> I don't see how your example explains this particular error.
> I agree Int cannot be generalized to (T Int) or (T Bool). Generalized is not the right word here. In my example T Int, T Bool and Int are all equivalent. > I see Stefan's local type signature is not (val :: a) like your (val ::Int) > but (val :: T a) which is a whole different beast. Not all that different. As in my example the types T Int, T Bool and Int are equivalent, whether one writes val :: Int, val :: T Int or val :: T Bool. My point is that writing val :: T Int or val :: T Bool does not help determining whether one should pick the val implementation of instance C Int or C Bool. > And (T a) is the type that ghc should assign here. As my example tries to point out, there is not one single syntactic form to denote a type. Consider the val of in the first component. Because of val's signature in the type class the type checker infers that the val expression has a type equivalent to T a2 for some a2. The type checker also expects a type equivalent to T a, either because of the type annotation or because of the left hand side. So the type checker must solve the equation T a ~ T a2 for some as yet to determine type a2 (a unification variable). This is precisely where the ambiguity comes in. The type constructor T is not injective. That means that the equation may hold for more than one value of a2 (e.g. for T Int ~ T a2, a2 could be Int or Bool). Hence, the type checker complains: Couldn't match expected type `T a2' against inferred type `T a'. Maybe you don't care what type is chosen, if multiple ones are possible. My example tried to show that this can effect the values computed by your program. So it does matter. For this particular example, it seems that the type checker does not have have more than alternative for a2 in scope. However, it is not aware of that fact. It uniformly applies the same general strategy for solving equations in all contexts. This is a trade-off in type system complexity vs. expressivity. There is an opportunity for exploring another point in the design space here. Tom -- Tom Schrijvers Department of Computer Science K.U. Leuven Celestijnenlaan 200A B-3001 Heverlee Belgium tel: +32 16 327544 e-mail: [hidden email] url: http://www.cs.kuleuven.be/~toms/ _______________________________________________ Haskell-Cafe mailing list [hidden email] http://www.haskell.org/mailman/listinfo/haskell-cafe |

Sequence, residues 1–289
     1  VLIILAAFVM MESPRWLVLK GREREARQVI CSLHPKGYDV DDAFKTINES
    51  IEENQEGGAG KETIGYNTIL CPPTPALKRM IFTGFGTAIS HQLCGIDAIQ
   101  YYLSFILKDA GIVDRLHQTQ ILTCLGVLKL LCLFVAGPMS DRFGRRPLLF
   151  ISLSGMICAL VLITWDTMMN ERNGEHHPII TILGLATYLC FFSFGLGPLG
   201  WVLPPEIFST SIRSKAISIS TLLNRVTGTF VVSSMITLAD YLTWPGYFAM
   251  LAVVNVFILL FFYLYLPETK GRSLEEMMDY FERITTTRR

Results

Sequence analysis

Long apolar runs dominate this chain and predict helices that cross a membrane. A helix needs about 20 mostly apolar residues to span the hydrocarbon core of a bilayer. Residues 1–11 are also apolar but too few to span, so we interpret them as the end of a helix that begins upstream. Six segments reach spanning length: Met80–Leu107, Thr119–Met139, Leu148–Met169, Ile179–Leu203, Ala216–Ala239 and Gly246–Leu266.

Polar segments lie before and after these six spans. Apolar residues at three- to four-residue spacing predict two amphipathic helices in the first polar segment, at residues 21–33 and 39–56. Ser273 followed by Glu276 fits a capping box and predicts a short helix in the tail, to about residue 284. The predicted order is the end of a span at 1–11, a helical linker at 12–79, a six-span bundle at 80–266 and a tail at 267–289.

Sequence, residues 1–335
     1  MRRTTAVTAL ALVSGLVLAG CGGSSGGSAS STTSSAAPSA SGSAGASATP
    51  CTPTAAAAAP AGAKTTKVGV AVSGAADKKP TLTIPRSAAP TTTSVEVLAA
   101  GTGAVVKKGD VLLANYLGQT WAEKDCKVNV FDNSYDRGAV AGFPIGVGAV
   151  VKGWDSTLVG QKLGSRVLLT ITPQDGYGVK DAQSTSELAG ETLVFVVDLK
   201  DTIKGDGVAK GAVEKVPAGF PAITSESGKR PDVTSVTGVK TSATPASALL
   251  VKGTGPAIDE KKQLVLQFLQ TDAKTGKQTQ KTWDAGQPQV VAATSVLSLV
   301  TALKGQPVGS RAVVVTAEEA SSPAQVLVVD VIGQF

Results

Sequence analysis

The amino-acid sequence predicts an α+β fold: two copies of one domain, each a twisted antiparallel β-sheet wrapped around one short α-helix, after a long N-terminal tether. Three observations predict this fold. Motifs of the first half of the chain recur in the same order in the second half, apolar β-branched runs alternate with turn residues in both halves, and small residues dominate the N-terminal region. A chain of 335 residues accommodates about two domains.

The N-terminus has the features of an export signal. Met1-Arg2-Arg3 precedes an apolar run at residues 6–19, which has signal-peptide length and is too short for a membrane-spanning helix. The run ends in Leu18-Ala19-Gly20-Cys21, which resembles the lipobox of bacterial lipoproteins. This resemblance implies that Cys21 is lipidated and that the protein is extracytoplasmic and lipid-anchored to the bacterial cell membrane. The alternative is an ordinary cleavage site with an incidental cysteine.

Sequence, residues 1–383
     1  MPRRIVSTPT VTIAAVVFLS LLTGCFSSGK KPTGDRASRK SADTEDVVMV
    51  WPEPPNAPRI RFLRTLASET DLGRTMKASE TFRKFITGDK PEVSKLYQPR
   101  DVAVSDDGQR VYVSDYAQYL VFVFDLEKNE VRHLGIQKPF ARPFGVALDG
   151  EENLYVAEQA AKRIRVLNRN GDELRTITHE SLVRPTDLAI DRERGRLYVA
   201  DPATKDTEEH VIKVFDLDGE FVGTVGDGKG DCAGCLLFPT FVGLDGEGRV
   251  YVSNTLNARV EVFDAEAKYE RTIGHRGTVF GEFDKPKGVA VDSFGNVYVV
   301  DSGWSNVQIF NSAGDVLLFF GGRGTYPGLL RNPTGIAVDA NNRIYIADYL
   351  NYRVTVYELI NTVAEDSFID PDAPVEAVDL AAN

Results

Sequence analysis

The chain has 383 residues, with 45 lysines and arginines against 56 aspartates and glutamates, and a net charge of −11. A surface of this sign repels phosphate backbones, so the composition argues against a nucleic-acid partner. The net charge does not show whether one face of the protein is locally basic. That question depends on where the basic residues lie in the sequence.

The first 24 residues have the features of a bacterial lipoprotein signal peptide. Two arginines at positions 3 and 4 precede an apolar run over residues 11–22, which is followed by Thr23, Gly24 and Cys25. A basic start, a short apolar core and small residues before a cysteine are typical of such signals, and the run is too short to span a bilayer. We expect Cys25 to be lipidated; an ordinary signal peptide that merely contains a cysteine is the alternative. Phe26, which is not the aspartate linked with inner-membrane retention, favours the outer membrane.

Okay, I get the difference.
The "T a" annotation in "val :: T a)"and "val :: T a" does not help choose the "C a" dictionary. But the "val :: a-> T a" and "val (undefined :: a)" allows "a" to successfully choose the "C a" dictionary. val :: T a fixes "T a" but does not imply "C a". (undefined :: a) fixes "a" and does imply "C a". I now see how the functional dependency works here (which I should have tried to do in the first place -- I should have thought more and relied on the mailing list less). "class C a b | a -> b" is here "class C a where type T a = b". So only knowing "T a" or "b" does not allow "a" to be determined. -- Chris Tom Schrijvers wrote: >> I don't see how your example explains this particular error. >> I agree Int cannot be generalized to (T Int) or (T Bool). > > Generalized is not the right word here. In my example T Int, T Bool and > Int are all equivalent. > >> I see Stefan's local type signature is not (val :: a) like your (val >> ::Int) but (val :: T a) which is a whole different beast. > > Not all that different. As in my example the types T Int, T Bool and Int > are equivalent, whether one writes val :: Int, val :: T Int or val :: T > Bool. My point is that writing val :: T Int or val :: T Bool does not > help determining whether one should pick the val implementation of > instance C Int or C Bool. > >> And (T a) is the type that ghc should assign here. > > As my example tries to point out, there is not one single syntactic form > to denote a type. > > Consider the val of in the first component. Because of val's signature > in the type class the type checker infers that the val expression has a > type equivalent to T a2 for some a2. The type checker also expects a > type equivalent to T a, either because of the type annotation or because > of the left hand side. So the type checker must solve the equation T a ~ > T a2 for some as yet to determine type a2 (a unification variable). This > is precisely where the ambiguity comes in. The type constructor T is not > injective. That means that the equation may hold for more than one value > of a2 (e.g. for T Int ~ T a2, a2 could be Int or Bool). Hence, the type > checker complains: > > Couldn't match expected type `T a2' against inferred type `T a'. > > Maybe you don't care what type is chosen, if multiple ones are possible. > My example tried to show that this can effect the values computed by > your program. So it does matter. > > For this particular example, it seems that the type checker does not > have have more than alternative for a2 in scope. However, it is not > aware of that fact. It uniformly applies the same general strategy for > solving equations in all contexts. This is a trade-off in type system > complexity vs. expressivity. > > There is an opportunity for exploring another point in the design space > here. > > Tom > > -- > Tom Schrijvers > > Department of Computer Science > K.U. Leuven > Celestijnenlaan 200A > B-3001 Heverlee > Belgium > > tel: +32 16 327544 > e-mail: [hidden email] > url: http://www.cs.kuleuven.be/~toms/ _______________________________________________ Haskell-Cafe mailing list [hidden email] http://www.haskell.org/mailman/listinfo/haskell-cafe |